1.6 Language as a tool for social action
In this section, we have so far concentrated on teacher–student discourse. However, we should also be concerned with how people use language in many kinds of situations to solve problems and get things done. Before examining ways in which teachers can help students develop their understanding and use of spoken language, it may be useful to step outside the classroom and consider some of the ways that language is used in everyday life as a means for ‘getting things done’.
A widely accepted aim of education is to help students become better at using language. This is not only the case in modern language classrooms, or in those concerned with the English curriculum. Studying science, mathematics and other subjects also involves becoming able in using language as a tool for constructing and sharing knowledge. Teachers are expected to help their students develop ways of talking, writing and thinking which will enable them to travel on wider intellectual journeys, understanding and being understood by people in wider domains than those of their home community. While the strongest emphasis in mother tongue language education has always been on literacy, in recent years in many countries there has been an increasing acknowledgement in educational policy and curriculum guidance of the importance of children becoming effective users of spoken language. For example, within the National Curriculum for schools in England and Wales, the guidance for teaching English to Year 7 children (aged 11–12) includes the following objectives for group discussion and interaction.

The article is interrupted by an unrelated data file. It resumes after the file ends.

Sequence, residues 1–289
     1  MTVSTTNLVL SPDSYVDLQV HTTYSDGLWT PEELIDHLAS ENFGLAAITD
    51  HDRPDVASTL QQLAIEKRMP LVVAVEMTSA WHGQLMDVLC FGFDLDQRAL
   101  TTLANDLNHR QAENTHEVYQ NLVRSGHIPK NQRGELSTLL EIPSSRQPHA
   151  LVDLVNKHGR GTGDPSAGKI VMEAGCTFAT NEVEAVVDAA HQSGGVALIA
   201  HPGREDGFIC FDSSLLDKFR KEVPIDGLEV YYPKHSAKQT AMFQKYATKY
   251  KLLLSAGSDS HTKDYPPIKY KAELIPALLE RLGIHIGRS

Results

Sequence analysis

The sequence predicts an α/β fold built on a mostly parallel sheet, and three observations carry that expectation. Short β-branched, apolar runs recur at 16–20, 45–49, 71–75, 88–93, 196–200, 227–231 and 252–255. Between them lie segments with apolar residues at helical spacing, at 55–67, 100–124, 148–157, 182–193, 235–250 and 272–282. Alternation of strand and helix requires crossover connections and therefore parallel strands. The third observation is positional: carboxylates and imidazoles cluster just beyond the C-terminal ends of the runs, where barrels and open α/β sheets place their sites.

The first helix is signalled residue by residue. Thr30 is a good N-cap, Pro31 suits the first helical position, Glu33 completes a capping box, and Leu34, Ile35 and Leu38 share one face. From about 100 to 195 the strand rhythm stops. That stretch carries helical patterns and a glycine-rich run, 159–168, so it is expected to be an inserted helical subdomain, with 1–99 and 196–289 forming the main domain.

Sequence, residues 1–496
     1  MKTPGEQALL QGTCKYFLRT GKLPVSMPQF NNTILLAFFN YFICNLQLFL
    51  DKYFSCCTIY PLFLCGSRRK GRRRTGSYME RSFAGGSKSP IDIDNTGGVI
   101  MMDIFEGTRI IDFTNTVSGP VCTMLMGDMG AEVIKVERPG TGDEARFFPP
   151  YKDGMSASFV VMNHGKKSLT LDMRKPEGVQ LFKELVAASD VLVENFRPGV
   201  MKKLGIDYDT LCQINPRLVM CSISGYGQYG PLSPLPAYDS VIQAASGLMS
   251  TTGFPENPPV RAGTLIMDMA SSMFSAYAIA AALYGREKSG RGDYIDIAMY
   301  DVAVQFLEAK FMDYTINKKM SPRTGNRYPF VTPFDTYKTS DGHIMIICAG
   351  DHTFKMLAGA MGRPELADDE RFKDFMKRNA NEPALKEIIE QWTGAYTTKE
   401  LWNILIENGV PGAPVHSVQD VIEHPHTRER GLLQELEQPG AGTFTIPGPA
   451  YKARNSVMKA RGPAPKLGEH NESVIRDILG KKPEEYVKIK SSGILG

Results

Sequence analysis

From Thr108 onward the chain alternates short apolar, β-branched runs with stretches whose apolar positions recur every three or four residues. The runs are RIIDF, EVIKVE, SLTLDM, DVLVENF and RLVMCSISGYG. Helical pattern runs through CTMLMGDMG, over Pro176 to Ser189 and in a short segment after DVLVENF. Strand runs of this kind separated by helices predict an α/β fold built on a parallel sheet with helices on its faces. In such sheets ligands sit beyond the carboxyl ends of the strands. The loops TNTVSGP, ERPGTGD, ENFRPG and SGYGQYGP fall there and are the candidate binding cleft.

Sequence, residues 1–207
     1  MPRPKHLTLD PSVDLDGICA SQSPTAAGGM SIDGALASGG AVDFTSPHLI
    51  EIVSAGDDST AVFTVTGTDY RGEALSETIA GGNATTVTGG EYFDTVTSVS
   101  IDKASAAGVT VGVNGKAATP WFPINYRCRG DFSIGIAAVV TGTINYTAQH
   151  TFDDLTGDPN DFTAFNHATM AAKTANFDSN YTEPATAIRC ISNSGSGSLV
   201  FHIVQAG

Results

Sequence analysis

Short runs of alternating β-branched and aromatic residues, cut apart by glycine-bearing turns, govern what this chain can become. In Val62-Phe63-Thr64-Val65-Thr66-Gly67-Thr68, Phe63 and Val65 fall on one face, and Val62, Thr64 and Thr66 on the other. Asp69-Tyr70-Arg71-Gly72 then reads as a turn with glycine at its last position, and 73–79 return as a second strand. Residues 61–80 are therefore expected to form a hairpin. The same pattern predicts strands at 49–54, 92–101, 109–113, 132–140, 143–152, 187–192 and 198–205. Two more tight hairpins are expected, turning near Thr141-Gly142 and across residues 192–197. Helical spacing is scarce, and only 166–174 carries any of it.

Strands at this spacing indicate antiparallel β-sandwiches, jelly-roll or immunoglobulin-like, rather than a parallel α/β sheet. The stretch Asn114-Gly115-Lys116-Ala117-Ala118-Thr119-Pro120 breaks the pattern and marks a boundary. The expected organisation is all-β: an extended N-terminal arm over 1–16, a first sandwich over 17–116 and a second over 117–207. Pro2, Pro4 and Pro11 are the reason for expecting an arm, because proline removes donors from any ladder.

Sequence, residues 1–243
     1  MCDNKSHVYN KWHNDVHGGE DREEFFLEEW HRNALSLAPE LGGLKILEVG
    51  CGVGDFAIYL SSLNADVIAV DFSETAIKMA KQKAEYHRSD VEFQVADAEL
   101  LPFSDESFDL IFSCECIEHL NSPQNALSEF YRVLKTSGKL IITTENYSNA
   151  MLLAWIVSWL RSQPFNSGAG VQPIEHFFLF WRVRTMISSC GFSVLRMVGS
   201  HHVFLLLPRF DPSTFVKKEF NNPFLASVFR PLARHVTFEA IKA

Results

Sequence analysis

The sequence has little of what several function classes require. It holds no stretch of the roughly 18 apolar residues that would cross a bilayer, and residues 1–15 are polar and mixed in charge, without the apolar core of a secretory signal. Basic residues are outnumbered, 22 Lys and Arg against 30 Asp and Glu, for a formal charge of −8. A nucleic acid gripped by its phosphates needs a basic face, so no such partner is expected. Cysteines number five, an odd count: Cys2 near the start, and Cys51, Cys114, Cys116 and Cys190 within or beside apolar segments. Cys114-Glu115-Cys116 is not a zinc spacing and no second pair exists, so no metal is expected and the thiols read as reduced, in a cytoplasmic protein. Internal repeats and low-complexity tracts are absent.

“Pupils should be taught to:
10 identify and report the main points emerging from discussion, e.g. to agree a course of action including responsibilities and deadlines;
11 adopt a range of roles in discussion, including acting as spokesperson, and contribute in different ways such as promoting, opposing, exploring and questioning;
12 use exploratory, hypothetical and speculative talk as a way of researching ideas and expanding thinking;
13 work together logically and methodically to solve problems, make deductions, share, test and evaluate ideas;
14 acknowledge other people’s views, justifying or modifying their own views in the light of what others say;”
However, formulating a set of teaching objectives does not address the question of how they can best be achieved. For several years, some educational researchers (mainly in the UK) have used the findings of observational studies to suggest that students need more explicit guidance than they normally get on how to talk and work together effectively in groups (e.g., Barnes and Todd, 1995; Bennett and Cass, 1989; Bennett and Dunne, 1992). Without explicit guidance, it is suggested, group-based activity (which is a common feature of education in some countries such as the UK), may be of little educational value. Research on language use in homes and communities, such as that of Shirley Brice Heath (1983) and Gordon Wells (1992), has shown that ways of using language to make joint sense of experience vary between cultures and communities, and so children from different backgrounds cannot be assumed to come to school with similar language repertoires. Yet it seems commonly to be assumed by teachers of students of all ages, right through to higher education, that when students are asked to go and discuss a topic together, or to work together to solve a problem, they will have the necessary strategies for doing so (or at least will know to use those they have in the most effective ways).